Global May 11, 2010 Last updated May 11th, 2010 2,354 Reads share

The End of the Global Brand? What International Domain Names Mean for you.

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English is Just Another Language

May 6th 2010 was one of the most important days in the 40 years of the Internet’s existence.

The Internet Corporation for Assigned Names and Numbers (ICANN) has launched domain names written in local scripts for local languages – so called ‘International Domain Names‘ (IDNs).

English now has really become ” just another language”.  And here’s why:

People  will now be able to type local language domain names into the address bar of their browser using their local keyboard and local script – as well as have email names that are fully in their local script.

(cc) Kjirstin

What  implications does this have for the future of the Web?

One thing we do know:  the number of keyboard characters available for creating a domain name at the top level will go from the 26 characters available in English today to the more than 100,000 characters available in other languages.

Domain names are a key part of brand equity whose value has been partly based until now on the limited number of characters available to create them.

A massive explosion in International Domain Names (IDNs) is bound to follow. What will this do to the brand equity of traditional global brands?

The ICANN Announcement

The first International Domain Name (IDN) country code Top Level Domain (ccTLDs) to be launched are as follows:

  1. Egypt: مصر (Egypt)
  2. Saudi Arabia: السعودية (AlSaudiah)
  3. United Arab Emirates: امارات (Emarat)

This means we will now be seeing domain names ending in local script for these countries instead of the Roman alphabet alternative such as .EG for Egypt or .SA for Saudi Arabia etc. in Hindi in Hindi

The first site to go live with an IDN will be the Egyptian Ministry of Communication with many more to follow.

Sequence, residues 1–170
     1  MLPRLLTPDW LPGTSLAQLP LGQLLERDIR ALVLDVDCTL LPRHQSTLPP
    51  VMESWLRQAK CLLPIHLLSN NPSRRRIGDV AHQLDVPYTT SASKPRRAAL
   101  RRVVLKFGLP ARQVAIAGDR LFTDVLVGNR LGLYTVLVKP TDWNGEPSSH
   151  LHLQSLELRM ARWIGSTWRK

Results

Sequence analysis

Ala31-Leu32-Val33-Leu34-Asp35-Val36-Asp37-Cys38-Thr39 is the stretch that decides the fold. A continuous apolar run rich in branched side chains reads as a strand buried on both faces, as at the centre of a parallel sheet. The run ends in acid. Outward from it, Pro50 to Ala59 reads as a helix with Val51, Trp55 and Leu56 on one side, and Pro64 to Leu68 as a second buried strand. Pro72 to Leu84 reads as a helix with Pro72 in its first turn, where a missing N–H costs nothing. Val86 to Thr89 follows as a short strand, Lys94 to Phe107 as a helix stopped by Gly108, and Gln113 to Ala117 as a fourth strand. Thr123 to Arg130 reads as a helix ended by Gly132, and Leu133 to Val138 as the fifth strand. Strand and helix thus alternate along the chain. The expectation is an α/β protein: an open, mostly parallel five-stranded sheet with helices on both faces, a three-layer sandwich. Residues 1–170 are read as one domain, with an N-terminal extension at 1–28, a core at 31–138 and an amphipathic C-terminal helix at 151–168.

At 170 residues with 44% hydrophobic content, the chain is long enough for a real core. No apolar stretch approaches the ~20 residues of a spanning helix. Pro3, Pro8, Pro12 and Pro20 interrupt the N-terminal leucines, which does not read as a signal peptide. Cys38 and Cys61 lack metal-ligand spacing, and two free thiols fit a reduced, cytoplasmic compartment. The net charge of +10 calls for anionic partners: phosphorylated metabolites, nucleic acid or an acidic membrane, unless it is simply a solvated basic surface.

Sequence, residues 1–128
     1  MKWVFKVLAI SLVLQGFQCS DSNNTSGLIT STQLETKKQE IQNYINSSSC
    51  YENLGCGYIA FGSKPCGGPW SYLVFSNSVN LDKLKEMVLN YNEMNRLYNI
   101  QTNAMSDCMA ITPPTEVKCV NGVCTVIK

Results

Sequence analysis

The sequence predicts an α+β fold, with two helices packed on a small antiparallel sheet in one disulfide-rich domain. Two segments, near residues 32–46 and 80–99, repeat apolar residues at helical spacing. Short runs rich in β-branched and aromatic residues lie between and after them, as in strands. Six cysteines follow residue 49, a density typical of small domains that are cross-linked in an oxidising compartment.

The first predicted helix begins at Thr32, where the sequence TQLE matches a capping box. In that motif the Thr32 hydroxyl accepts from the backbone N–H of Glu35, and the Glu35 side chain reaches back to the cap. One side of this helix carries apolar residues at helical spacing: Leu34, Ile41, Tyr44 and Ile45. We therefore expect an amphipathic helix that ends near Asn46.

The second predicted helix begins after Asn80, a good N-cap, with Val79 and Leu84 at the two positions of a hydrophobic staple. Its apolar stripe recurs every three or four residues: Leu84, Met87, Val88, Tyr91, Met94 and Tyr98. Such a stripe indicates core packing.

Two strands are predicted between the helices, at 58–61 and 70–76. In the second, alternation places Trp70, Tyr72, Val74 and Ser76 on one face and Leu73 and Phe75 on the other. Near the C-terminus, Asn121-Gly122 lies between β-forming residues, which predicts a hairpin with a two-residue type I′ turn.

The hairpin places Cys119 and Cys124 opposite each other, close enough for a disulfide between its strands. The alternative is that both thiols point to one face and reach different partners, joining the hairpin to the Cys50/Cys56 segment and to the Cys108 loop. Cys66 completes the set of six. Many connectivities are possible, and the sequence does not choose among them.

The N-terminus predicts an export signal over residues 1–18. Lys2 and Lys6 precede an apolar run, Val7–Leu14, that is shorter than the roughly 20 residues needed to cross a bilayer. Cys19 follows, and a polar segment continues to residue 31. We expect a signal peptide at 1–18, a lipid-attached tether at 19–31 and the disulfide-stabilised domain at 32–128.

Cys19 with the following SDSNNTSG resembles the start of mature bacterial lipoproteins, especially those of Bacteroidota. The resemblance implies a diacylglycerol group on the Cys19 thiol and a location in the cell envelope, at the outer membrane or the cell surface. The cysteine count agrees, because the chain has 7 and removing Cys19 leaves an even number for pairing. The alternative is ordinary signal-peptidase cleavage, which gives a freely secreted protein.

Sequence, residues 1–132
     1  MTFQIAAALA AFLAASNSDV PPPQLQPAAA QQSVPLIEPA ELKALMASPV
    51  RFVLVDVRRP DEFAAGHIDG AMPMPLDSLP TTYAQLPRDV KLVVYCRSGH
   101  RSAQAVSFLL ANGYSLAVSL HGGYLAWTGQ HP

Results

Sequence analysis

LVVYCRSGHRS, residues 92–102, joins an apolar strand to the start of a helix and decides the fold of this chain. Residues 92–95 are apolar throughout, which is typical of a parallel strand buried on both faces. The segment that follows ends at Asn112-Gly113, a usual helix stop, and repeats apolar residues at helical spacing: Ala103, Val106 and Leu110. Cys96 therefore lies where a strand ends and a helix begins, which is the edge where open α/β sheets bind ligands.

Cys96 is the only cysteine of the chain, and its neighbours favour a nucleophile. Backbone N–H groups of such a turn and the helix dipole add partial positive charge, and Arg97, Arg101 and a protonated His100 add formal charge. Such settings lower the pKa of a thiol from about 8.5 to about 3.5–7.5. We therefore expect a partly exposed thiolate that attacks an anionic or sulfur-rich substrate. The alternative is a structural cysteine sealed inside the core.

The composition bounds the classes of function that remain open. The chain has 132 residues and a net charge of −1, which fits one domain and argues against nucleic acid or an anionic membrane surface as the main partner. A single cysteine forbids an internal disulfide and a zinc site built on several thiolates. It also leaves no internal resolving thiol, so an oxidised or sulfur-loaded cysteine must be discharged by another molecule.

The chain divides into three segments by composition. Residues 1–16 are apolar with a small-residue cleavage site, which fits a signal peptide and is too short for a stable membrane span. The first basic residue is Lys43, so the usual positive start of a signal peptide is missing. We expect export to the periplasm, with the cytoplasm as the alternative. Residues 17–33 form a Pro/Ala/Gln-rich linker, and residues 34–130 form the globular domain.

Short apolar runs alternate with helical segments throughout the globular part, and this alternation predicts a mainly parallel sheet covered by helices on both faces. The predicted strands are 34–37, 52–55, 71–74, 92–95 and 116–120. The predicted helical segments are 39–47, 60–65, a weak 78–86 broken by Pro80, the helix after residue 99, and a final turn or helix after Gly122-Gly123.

And there are more languages on the way also.  Here is the list of countries who have entered the IDN ccTLD process to date.

What This Means for You

For some time, the character of the Internet has become increasingly local – less Euro or US-centric.  More than 73% of internet users now do not have English as a first language.

The introduction of IDNs has far reaching consequences for all societies, but particularly those in the developing world.  This small technical tweak will lead to a massive step change in how the internet is used in those countries.  In particular, it will open the web to new users who would never have been able to access or trade online before.

And most of them will not speak a Western European language.

Just for a start, consider this:

  • A knowledge of English or any other Western Language will no longer be a prerequisite to using the web.
  • For the very first time, the web will be accessible to anyone who is literate anywhere in the world who has access to an internet connection.
  • Local businesses will be able to set up fully local eCommerce systems that use local brand names in local scripts.

And then there are other questions:

  • What kind of response do global online marketers have to the rise and rise of local markets for local people in local languages?
  • Has the dominance of traditional (Western) brands on the web been based solely on technical deficiencies with the Internet that are now at last resolved?
  • What does all this mean for Search and in particular for the future of  global search engines like Google, a company that has already withdrawn from a major high growth country in the developing world.

Many of these consequences will take some time yet to play out but it looks like we may at last have reached a tipping point to a truly multi-lingual web.

One thing is certain, however: the number of web users worldwide will grow exponentially with this change.

The key question for marketers is this: how many of these new users will provide the organic growth opportunities for traditional (Western) global brands – brands that are desperate to access new consumers in the developing world to bolster their declining markets in Europe, Japan and North America?

Will ‘localisation’ be enough next time around?

And just what kind of a place will the Internet be in 10 years time?

Exciting times!

Dermot Quirk

Dermot Quirk

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